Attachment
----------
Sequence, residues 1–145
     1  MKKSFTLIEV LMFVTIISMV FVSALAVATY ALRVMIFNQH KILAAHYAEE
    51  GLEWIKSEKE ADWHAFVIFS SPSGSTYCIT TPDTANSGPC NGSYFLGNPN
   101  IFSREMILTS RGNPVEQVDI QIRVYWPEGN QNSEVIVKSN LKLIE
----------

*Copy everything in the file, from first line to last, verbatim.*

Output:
Sequence, residues 1–145
     1  MKKSFTLIEV LMFVTIISMV FVSALAVATY ALRVMIFNQH KILAAHYAEE
    51  GLEWIKSEKE ADWHAFVIFS SPSGSTYCIT TPDTANSGPC NGSYFLGNPN
   101  IFSREMILTS RGNPVEQVDI QIRVYWPEGN QNSEVIVKSN LKLIE